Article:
Today’s post is dedicated to Antony Gormley, an English artist whom I rediscovered through his solo exhibition at the Royal Academy of Arts in London and who truly impressed me.
The exhibition at the Royal Academy on Antony Gormley is the perfect opportunity for those who, like me, want to discover or rediscover the artist. While it’s not a true retrospective, like Eliasson’s exhibition at the Tate Modern that I talked about in another video, it certainly tells the story of the artist’s journey and the reasons behind his creation of artworks.
Antony Gormley works
Gormley was born in London in 1950 and has always placed some fundamental themes at the center of his works. One of these is the human body, understood not only as the space we first inhabit but also as something that unites us all and makes us feel close.
The human body is described by Gormley as a place: the place of our experiences and emotions. A real kingdom that we govern and that allows us to dialogue with the space outside of us and with our fellow human beings.
I found it brilliant that the exhibition path begins outside the Royal Academy with a work that anyone can access: Iron Baby from 1999.
It is a tiny iron sculpture that takes the form of a newborn human body. A small being curled up on the floor that almost gets lost in the large courtyard of the Academy. The model for the creation of the work was the artist’s daughter, only 6 days old. And the work describes all the potential that is in each of us. The little body on the floor has been compared by Gormley to a bomb, an element of potential energy. Energy that can positively grow inside us even when we seem so defenseless.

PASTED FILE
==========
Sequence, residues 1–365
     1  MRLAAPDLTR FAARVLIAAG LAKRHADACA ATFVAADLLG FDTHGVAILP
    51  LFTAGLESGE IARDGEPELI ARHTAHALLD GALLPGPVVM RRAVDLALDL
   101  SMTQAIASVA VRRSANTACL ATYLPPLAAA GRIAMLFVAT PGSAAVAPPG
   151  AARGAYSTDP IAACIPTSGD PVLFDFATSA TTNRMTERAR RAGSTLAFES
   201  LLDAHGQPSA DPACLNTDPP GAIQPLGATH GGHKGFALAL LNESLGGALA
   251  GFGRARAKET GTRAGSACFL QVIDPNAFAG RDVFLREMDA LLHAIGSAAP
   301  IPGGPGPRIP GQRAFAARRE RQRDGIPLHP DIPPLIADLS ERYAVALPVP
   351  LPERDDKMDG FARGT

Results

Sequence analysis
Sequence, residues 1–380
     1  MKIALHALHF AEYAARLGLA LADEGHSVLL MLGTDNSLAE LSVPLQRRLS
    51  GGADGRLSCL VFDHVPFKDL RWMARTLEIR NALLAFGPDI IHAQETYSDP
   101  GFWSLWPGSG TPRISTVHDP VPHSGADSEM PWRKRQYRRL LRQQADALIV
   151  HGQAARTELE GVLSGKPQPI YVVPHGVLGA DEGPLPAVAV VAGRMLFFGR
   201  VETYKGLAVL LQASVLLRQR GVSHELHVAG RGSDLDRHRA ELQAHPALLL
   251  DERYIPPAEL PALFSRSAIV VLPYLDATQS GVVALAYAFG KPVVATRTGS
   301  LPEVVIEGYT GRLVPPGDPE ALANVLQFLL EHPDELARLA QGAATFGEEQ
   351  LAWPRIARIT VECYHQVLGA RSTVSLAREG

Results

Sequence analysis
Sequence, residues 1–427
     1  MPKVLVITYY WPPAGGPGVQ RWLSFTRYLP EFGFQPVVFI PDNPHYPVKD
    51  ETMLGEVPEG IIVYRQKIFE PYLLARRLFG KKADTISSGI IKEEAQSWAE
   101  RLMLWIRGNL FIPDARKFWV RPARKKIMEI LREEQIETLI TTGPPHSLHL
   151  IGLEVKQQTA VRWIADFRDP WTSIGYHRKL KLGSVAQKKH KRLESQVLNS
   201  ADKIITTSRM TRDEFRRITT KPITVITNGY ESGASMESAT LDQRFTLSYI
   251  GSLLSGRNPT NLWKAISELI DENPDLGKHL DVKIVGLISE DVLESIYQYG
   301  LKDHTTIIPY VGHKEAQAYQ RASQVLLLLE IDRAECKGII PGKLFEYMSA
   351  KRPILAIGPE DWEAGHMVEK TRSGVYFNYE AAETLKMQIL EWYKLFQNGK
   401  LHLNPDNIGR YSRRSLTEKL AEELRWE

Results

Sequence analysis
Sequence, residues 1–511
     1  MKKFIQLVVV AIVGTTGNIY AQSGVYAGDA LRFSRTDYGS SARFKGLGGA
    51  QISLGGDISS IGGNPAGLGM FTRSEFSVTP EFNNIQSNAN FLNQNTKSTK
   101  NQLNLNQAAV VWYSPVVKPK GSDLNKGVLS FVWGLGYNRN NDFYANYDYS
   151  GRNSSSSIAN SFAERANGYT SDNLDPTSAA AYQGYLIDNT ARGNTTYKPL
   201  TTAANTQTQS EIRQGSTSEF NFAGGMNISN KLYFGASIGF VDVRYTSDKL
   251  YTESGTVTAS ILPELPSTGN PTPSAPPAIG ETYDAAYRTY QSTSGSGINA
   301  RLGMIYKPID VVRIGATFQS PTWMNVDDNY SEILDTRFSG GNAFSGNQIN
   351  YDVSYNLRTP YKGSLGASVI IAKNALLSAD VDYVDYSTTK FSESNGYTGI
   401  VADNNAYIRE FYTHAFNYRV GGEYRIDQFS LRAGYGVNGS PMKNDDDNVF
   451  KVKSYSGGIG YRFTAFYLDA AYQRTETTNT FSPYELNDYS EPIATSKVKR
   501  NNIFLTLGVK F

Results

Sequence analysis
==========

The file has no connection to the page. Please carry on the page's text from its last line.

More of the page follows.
Antony Gormley works. Slab works
And the theme of the human body continues inside the exhibition rooms. It is linked to a thousand other elements that are part of our daily lives. In a work like Slabworks, for example, we find ourselves wandering among 14 iron sculptures that seem to form a city of buildings, but which, seen up close, resemble more assembled bodies engaged in a thousand different actions, some standing and others lying on the ground. And so we have the feeling of visiting a city made up of real human beings.
This work, like others, especially those from the early years of his career in the 1970s and 1980s, has a strong connection to the history of art and other movements of the 20th century that characterized it. First and foremost, Arte Povera and Land Art. Being a fan of the works of Alighiero Boetti, I couldn’t help but notice some similarities between Gormley’s sculptures and works like “Io che prendo il Sole a Torino il 19 gennaio del 1969” (Me Sunbathing in Turin on January 19, 1969).
Works like One Apple from the 1980s emphasize Gormley’s interest in the themes of creation and development, not only of human beings but also of nature. The work consists of 53 lead forms that record the growth of an apple from the initial stage of the seed to the mature fruit. The same apple that is famous in our imagination as the fruit of Eve’s sin from which man originates.
Fruits of Earth
And still on the theme of the origin of the Earth, an interesting work is certainly Fruits of Earth. To better understand this work, we must take a step back in history. While one of the main themes addressed by the generation of artists following Gormley, such as Eliasson, is that of climate change, the main theme of the 90s was the Cold War and the possibility of seeing oneself and the world disappear due to nuclear weapons. So in this work, Gormley puts together what were then the three fruits of the Earth for him: a machete, a revolver, and a bottle of wine.
Even in his early works, the theme of the presence of the human being cannot be absent, as in works such as “Mother’s Pride,” where a body is recreated through slices of toast that appear to have just been consumed.
A crucial point in the works of this artist that I have always loved is the interaction with space through the artworks. This is the case with Clearing VIII, for example, where the visitor is invited to cross a tangle of tubes to move from one room to the next. Every step runs the risk of tripping or getting trapped in the net, but at the same time, it is an opportunity for choice where everyone is free to create their own path and therefore be themselves, without right or wrong. Choosing a path, however, will require physical and emotional involvement.